Following in the footsteps of the Gathering and Lacuna Coil (goth-influenced "symphonic" metal bands with female vocalists), Nightwish were formed in Kitee, Finland, in 1997 by keyboardist Tuomas Holopainen. Initially attempting to create acoustic music, he recruited trained opera vocalist Tarja Turunen, but soon added full metal band instrumentation in the persons of guitarist Emppo Vuorinen, bassist Sami Vänskä, and drummer Jukka Nevalainen. Nightwish's demos landed them a contract with the Finnish label Spinefarm, which released their debut album, Angels Fall First, in late 1997 (it appeared in the rest of Europe the following year). The follow-up, Oceanborn, appeared in late 1998 and made Nightwish a bona fide mainstream success in their homeland; the album reached the Finnish Top Five and spun off three Top Ten singles. WishmasterNightwish toured Europe heavily, consolidating their success, and in 2000 recorded their third album, Wishmaster. Not only did it top the Finnish charts, but it also became the group's first album to be released in the U.S. (by Century Media, which reissued their previous albums in 2001 as well). Released in 2002, Century Child proved a massive hit in Finland and around Europe, but 2004's Once saw them go one step further and conquer Europe. Number one in Germany and number one in the European Top 100, Once's success was the product of a band at the top of its game following years of hard work. Marco Hietala was now on bass, replacing Sami Vänskä, while in 2005 Swedish singer Anette Olzon replaced Tarja Turunen, who was fired for personal reasons. Dark Passion Play (2007) and the concept album Imaginaerum (2011) both featured Olzon before she and the band parted ways in 2012, halfway through the band's world tour. Showtime, Storytime At short notice, ex-After Forever frontwoman Floor Jansen stepped in to take over on lead vocal duties; the immense pressures on her were later revealed in the behind-the-scenes film Please Learn the Setlist in 48 Hours. Jansen's powerful voice was a perfect fit for Nightwish. She was embraced immediately by their passionate fans, and was soon made a permanent member, alongside English piper Troy Donockley. Nightwish's first commercial release with Jansen was 2013's live album Showtime, Storytime, which documented their triumphant show at that year's Wacken Open Air metal festival in front of an 85,000-strong crowd.
Considered the Godfather of Shock Rock, singer Alice Cooper came to fame in the 1970s, alarming audiences with his garish, often ghoulish stage performances. Born in Detroit, rock musician Alice Cooper formed his first band in high school and by the late 1960s had caught the attention of guitarist Frank Zappa. The group hit it big with several successful albums in the mid-1970s. Cooper went solo in 1974 and continued the success. In 2011, Cooper and his former band were inducted into the Rock and Roll Hall of Fame. American rock singer Alice Cooper was born Vincent Damon Furnier on February 4, 1948, in Detroit. The son of a pastor, Cooper moved with his family when he was 12, first to California and later to Arizona, where the Furniers lived in a trailer park. Cooper developed an early passion for music and in high school formed his first rock band. The group, first called the Earwigs and later renamed the Spiders, covered the bands—the Beatles, the Rolling Stones and the Who—that Cooper adored. After exhausting the local bar scene, the group moved to Los Angeles, where they hoped to make it big. By this time, the band had developed an angry, up-front and dark sound, which critics initially abhorred. But with Cooper as front man, its music caught the attention of Frank Zappa, who inked the young musicians to a record deal. In 1969, the group, which had changed its name to Alice Cooper (the name comes from a witch doctor who supposedly spoke to the lead singer through a Ouija board), released its first album, Pretties for You. A follow-up album, Easy Action, came out a year later. Almost immediately, the group gained a reputation for its outrageous performances. In one famous incident, one fan threw a live chicken on to the stage. Cooper responded by picking up the bird and throwing it into the air. When it landed back in the hands of the audience the chicken was torn into pieces. But in an altered version of the story, Cooper killed the bird himself and then drank its blood. Other theatrical acts included "murdering" infant dolls, and using fake guillotines and electric chairs during performances. For his part, Cooper relished the shock that accompanied these performances. In 1973 the surrealist artist Salvador Dalí filmed the singer, who donned diamond necklaces and tiara, as he bit the head off a small replica of the Venus de Milo for a holographic work. In 1971 Warner Bros. signed Alice Cooper, the band, to a new record contract. Over the next several years the group released a succession of hits, such as Killer (1972), School's Out (1972), Billion Dollar Babies (1973) and Muscle of Love (1974). In 1974, Alice Cooper, the musician, split off from his bandmates and took the name with him. The following year he released his first solo album, Welcome to My Nightmare, which earned him continued critical praise and commercial success, as did 1976's Alice Cooper Goes to Hell. But Cooper's life was also falling apart. A worn-out and strung-out Cooper eventually ended up in a New York sanatorium, where he was housed with drug addicts and criminals. Strangely enough, this time away allowed Cooper, who became a born-again Christian and eventually discovered an obsession with golf, to recover. His music, however, didn't exactly bounce back. Two records, Special Forces (1981) and Zipper Catches Skin (1982), proved especially disappointing. But in 1989, Cooper returned to the charts with the popular album Trash. Since then, Cooper has enjoyed a range of success, both in the studio and elsewhere. His film credits include Wayne's World (1992), among others. In 2004 he launched his hugely successful syndicated radio program, Nights With Alice Cooper. In recent years he has reunited with the living members of his old band, and in 2011 the group was inducted into the Rock and Roll Hall of Fame.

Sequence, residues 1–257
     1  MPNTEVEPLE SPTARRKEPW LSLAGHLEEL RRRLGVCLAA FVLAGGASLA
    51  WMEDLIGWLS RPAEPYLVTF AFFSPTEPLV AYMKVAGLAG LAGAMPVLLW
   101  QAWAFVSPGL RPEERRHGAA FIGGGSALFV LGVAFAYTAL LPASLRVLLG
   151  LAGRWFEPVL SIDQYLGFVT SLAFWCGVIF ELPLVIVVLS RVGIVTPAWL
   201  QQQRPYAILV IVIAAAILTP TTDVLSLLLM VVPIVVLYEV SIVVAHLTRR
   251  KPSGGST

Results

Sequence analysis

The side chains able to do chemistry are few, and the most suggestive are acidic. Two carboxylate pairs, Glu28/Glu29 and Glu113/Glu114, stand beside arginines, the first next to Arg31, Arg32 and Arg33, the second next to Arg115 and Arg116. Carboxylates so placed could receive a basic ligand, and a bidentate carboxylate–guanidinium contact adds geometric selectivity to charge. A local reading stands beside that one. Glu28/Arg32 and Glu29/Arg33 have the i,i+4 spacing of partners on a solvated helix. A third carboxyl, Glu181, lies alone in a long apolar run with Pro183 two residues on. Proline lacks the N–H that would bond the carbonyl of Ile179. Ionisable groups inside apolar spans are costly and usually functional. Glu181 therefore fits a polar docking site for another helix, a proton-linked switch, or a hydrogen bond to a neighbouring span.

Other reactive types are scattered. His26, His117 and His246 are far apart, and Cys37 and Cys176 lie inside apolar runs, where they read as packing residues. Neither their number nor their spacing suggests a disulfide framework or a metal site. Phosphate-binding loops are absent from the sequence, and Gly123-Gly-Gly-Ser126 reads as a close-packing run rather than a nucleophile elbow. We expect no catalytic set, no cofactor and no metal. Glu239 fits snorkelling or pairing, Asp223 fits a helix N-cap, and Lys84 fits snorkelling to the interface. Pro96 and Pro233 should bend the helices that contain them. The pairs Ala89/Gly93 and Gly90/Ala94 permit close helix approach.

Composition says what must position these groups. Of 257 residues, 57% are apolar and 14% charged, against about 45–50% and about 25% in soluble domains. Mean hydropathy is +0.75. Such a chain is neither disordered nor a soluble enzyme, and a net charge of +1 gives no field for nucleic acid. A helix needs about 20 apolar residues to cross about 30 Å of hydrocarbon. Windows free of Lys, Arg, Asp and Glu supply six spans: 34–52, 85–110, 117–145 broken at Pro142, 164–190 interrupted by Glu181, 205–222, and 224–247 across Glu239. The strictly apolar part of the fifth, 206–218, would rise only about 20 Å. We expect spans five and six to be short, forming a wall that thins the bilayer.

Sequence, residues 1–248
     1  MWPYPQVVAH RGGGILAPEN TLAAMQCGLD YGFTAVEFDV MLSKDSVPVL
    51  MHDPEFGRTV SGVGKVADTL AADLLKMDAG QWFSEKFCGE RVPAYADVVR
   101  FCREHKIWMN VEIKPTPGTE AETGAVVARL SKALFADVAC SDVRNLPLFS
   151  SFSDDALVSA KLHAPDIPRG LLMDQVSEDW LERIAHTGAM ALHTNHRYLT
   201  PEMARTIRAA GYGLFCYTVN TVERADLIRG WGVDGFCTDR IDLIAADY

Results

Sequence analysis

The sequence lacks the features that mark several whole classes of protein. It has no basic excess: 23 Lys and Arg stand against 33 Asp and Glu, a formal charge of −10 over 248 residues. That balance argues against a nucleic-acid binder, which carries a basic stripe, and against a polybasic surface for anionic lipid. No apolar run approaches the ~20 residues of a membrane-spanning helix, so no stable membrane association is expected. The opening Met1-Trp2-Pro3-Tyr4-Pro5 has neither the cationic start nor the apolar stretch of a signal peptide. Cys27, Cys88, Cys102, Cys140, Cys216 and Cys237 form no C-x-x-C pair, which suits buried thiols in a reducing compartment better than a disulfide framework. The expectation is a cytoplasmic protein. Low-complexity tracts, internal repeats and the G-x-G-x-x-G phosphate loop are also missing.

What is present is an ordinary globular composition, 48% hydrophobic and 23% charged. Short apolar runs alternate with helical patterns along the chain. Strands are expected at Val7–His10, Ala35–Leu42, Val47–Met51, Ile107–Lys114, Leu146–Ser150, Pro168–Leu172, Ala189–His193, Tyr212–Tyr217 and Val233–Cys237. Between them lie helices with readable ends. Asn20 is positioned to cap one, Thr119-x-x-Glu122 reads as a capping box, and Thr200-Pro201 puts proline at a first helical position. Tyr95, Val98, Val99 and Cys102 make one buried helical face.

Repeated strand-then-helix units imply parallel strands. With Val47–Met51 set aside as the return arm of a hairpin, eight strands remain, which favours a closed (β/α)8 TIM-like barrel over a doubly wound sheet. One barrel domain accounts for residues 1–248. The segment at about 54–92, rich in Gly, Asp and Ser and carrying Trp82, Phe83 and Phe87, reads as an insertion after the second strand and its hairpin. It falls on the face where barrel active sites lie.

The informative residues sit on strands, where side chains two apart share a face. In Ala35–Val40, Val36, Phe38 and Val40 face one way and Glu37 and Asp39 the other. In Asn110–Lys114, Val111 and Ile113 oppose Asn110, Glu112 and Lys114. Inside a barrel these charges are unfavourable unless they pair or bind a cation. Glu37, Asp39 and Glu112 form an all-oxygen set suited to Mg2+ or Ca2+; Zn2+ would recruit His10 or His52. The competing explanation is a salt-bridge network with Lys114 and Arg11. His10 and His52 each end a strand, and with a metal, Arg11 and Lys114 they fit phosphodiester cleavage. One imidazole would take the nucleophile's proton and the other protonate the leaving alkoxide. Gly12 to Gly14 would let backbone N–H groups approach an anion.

In 1981, punk rock musician Billy Idol launched his solo career with the release of Don't Stop, then formed a new band that released four successful records. Famed punk rock musician Billy Idol was born on November 30, 1955, in Middlesex, England. He joined the punk band Chelsea in 1976 and later left to form Generation X. In 1980, they had a hit U.S. single, Dancing with Myself. The following year, Idol launched his solo career in New York City with the release of Don't Stop. Afterward, he pulled together a new team that went on to release four successful records. Billy Idol was born William Albert Michael Broad on November 30, 1955, in Middlesex, England. While studying English literature at Sussex University, Broad became a member of the Bromley Contingent, a group of Sex Pistols followers that included members of the Clash and Siouxsie and the Banshees. He changed his name to Idol after a schoolteacher returned a paper proclaiming him "idle" in class. Idol teamed with lyricist and bass guitarist Tony James, and together they joined the punk band Chelsea in 1976. Idol and James subsequently left and formed Generation X—a name they took from a book about 1960s youth rock culture. Though the band never toured the United States, they did take the nation by storm in 1980 with the single "Dancing with Myself." A break-up followed their second release, Kiss Me Deadly, due to managerial problems. In 1981, Billy Idol launched his solo career in New York City with the release of Don't Stop, which included two GENX remixes and a cover of Tommy James's "Mony Mony." He then pulled together a new team, including producer Keith Forsey, ex-KISS manager Bill Aucoin and raven-haired New York guitarist Steve Stevens. The group released four successful records together: Billy Idol, Rebel Yell, Whiplash Smile and Vital Idol. Despite his legendary excessive lifestyle, Idol participated in several charity shows. He took part in Neil Young's Bridge School Benefit concert in 1988, and appeared in a charity performance of the Who's Tommy in London the following year. A motorcycle crash in February 1990 seriously damaged his leg, but he recovered quickly to release Cradle Of Love (taken from the Andrew Dice Clay movie The Adventures Of Ford Fairlaine). Idol attempted to rebrand his image with 1993's computer-driven Cyberpunk, but the recording was a commercial and critical failure. The following year, he narrowly escaped death for a second time when he suffered a drug overdose. Idol remained out of the public eye until the end of the decade, when he made a cameo appearance in the Adam Sandler comedy The Wedding Singer. In 2005, Idol released his first studio album since Cyberpunk more than a decade earlier: Devil's Playground, featuring such songs as "World Comin' Down," "Scream" and "Romeo's Waiting." The following year, the musician released Happy Holidays, including a number of traditional Christmas songs as well as a few original singles. The Very Best Of Billy Idol: Idolize Yourself, career-spanning collection, followed in 2008. "Everyone should idolize themselves, shouldn't they?" Idol said with a laugh when asked about the album's title, according to his website. More recently, Idol signed up to perform at the 2013 Bonnaroo Music & Arts Festival, alongside the likes of Paul McCartney, John Oates of Hall & Oates, Jeff Tweedy and Björk. The four-day event is held annually in Manchester, Tennessee.